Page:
1. The presumptive ear ectoderm, removed from its normal site and transplanted to the amnio-cardiac vesicle, does not develop into an otic placode unless it comes from an embryo with more than nine pairs of somites.

2. The ectoderm which grows over the place from which the presumptive ear ectoderm is removed is induced to form an otic placode, the size of the placode being smaller the older the embryo at the time of operation.

3. If the wall of the neural tube, including the neural crest, is removed from the region of the ear in embryos younger than the nine-somite stage, an ear may nevertheless be formed. Since the ear ectoderm at this stage is not capable of differentiating when isolated, this result shows that inducing agencies other than the neural material are active at this stage. In some of the operated embryos, the acoustico-facialis ganglion was completely lacking, so this structure cannot be the sole organizer of the ear, as Szepsenwol suggested.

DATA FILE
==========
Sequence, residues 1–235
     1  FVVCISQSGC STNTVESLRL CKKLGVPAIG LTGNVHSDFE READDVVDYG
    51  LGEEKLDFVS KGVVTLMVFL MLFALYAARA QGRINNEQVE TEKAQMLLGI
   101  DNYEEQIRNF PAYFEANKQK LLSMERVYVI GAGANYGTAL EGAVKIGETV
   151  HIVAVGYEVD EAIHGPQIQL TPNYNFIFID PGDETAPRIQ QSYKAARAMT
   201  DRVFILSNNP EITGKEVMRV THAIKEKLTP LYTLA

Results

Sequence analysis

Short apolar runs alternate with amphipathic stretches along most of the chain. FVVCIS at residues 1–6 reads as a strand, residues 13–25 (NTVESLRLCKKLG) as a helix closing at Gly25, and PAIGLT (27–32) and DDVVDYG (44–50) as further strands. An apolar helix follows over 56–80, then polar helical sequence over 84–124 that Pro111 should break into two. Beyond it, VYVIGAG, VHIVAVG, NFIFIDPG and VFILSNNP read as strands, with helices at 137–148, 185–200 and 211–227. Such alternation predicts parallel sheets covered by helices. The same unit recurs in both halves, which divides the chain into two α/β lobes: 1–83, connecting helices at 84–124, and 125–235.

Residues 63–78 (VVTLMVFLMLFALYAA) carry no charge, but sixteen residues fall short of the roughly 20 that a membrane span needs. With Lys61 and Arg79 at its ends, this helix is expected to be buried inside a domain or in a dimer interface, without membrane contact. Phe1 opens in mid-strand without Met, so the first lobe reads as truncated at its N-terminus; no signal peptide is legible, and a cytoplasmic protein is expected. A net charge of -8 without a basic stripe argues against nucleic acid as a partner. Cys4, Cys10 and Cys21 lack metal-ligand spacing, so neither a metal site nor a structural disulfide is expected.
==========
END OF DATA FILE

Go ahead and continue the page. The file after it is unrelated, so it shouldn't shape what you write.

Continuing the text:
4. If both the wall of the neural tube and the presumptive ear ectoderm are removed, no ear is formed even in stages younger than the nine-somite stage, so that it appears that the non-neural inducing agents are more effective when working on presumptive ectoderm of this age than when working on non-presumptive ectoderm. This suggests that the ear ectoderm is beginning to be determined some time before it acquires the capacity for independent differentiation.

5. The wall of the neural tube, from the ear region, can induce a small ear when grafted under the ectoderm of the anterior part of the head.

6. The evidence suggests that the induction of the ear in normal development is due to the combined action of several structures, of which the wall of the neural tube, and the tissues derived from it (ganglia), is one but not the only one.

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